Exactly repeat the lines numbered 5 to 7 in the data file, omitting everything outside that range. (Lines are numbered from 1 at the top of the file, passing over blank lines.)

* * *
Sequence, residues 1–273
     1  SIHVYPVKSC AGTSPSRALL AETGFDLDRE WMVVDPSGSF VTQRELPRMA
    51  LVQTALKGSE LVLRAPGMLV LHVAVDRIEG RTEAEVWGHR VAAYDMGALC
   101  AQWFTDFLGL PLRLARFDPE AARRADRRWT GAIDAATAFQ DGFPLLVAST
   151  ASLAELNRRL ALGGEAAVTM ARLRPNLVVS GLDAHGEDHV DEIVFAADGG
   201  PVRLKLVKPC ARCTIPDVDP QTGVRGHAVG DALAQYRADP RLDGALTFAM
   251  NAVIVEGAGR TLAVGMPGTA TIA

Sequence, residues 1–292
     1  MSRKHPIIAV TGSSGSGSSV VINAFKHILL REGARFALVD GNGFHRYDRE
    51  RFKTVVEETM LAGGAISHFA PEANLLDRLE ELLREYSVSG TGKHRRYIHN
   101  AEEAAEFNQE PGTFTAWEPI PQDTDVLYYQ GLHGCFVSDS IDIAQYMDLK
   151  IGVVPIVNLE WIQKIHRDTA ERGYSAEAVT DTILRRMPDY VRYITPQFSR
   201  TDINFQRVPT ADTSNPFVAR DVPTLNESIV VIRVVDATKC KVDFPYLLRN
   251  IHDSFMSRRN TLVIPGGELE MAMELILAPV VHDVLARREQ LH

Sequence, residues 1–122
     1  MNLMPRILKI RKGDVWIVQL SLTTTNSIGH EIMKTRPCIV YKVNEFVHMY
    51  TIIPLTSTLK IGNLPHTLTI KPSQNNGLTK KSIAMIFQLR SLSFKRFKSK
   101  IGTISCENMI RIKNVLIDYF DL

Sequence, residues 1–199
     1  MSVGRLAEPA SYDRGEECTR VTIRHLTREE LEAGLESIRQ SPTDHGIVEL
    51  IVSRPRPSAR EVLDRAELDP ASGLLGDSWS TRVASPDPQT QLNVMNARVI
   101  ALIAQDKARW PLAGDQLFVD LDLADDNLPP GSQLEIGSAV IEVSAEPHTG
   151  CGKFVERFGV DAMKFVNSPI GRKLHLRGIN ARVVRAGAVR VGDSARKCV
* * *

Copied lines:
   151  ASLAELNRRL ALGGEAAVTM ARLRPNLVVS GLDAHGEDHV DEIVFAADGG
   201  PVRLKLVKPC ARCTIPDVDP QTGVRGHAVG DALAQYRADP RLDGALTFAM
   251  NAVIVEGAGR TLAVGMPGTA TIA